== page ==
WASHINGTON — Congress was poised Thursday to vote on repealing the military's 17-year-old policy that prohibits gay men and lesbians from serving openly in the nation's armed forces.
The Senate Armed Services Committee voted 16-12 to end "Don't Ask, Don't Tell," while the House of Representatives debated compromise legislation to alter the policy.
The House and Senate debates occurred despite the concerns of the chiefs of the Army, Navy, Air Force and Marines, who don't want Congress to vote on repealing the policy until the Pentagon completes a study on the impact of the proposed changes by December.
However, Adm. Mike Mullen, the chairman of the Joint Chiefs of Staff, told a group at Peterson Air Force Base in Colorado on Wednesday that he's comfortable with the legislation.
House Speaker Nancy Pelosi, D-Calif., said that she has the votes to change the policy and that lawmakers are pressing toward a vote because "it is the right thing to do."
"The compromise legislation is respectful of the fact that there is a review going on . . . about how we should move forward," Pelosi said.
The House's main business Thursday was supposed to be a debate and vote on a $760 billion defense spending bill.
Most of the talk, however, centered on an amendment by Rep. Patrick Murphy, D-Pa. — a former Army captain who served in Iraq — that would repeal the policy, but not immediately.
Instead, the repeal would occur after the Pentagon completed its study. Also, no repeal could occur until President Barack Obama, the Joint Chiefs of Staff and the secretary of defense all certify that repeal "will not hurt military readiness or unit cohesion."
The Obama administration said in a letter Monday that it backs Murphy's amendment, saying it "recognized the critical need to allow our military and their families the full opportunity to inform and shape the implementation process through a thorough understanding of their concerns, insights and suggestions."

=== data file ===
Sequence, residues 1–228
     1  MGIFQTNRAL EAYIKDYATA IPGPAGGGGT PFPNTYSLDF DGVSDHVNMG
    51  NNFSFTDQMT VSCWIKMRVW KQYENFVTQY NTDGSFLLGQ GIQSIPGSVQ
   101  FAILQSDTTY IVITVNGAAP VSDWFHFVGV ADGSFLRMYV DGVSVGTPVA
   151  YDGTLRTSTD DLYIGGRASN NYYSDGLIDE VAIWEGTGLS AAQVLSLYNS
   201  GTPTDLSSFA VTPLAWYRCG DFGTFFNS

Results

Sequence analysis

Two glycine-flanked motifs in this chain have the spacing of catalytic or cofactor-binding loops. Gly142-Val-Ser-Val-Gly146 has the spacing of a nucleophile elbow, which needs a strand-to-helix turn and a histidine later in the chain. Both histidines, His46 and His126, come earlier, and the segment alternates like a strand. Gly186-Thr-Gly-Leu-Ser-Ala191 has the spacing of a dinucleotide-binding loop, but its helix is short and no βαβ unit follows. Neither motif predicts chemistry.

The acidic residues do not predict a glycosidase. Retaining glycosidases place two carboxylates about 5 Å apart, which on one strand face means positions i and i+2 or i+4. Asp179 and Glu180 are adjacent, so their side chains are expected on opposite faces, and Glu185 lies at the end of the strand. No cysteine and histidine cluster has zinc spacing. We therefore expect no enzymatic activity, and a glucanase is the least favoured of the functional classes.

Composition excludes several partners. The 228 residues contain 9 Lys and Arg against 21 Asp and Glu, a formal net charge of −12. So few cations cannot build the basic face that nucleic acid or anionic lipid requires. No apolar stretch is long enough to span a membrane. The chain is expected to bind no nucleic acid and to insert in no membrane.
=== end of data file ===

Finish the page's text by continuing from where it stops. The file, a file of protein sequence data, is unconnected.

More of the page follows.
However, Sen. John McCain, R-Ariz., a Navy veteran who opposes repealing "Don't Ask, Don't Tell," solicited letters from the four military chiefs saying that changing the policy before the Pentagon finishes its review would send the wrong message to service members.
"I remain convinced that it is critically important to get a better understanding of where our soldiers and families are on this issue, and what the impacts on readiness and unit cohesion might be, so that I can provide informed military advice to the President and the Congress," Gen. George W. Casey, the Army chief of staff, wrote to McCain.
Opponents in Congress accused Obama and Pelosi of conducting politically motivated liberal social experimentation by trying to scrap "Don't Ask, Don't Tell."
"We're saying, 'We're shoving this down your throat; we don't care,'" said Rep. Louie Gohmert, R-Texas. "The military is not a social experiment. . . . Our men and women in the military deserve better."
Rep. Barney Frank, D-Mass., one of three openly gay lawmakers in the 535-member Congress, noted that several nations allow gay men and lesbians to serve openly in the military.
"Those who tell me that the presence of gay and lesbian members of the military undermine the effectiveness of a fighting force and undermine unit cohesion must have never heard of Israel . . . as effective a fighting force as (any) in modern times," Frank said. "So the notion that you must deny American gay and lesbian citizens their rights has no basis in reality."
While lawmakers and military officials battle over gays in the military, a Gallup poll earlier this month found that 70 percent of Americans support allowing openly gay men and lesbians to serve in the military, while 25 percent oppose it.
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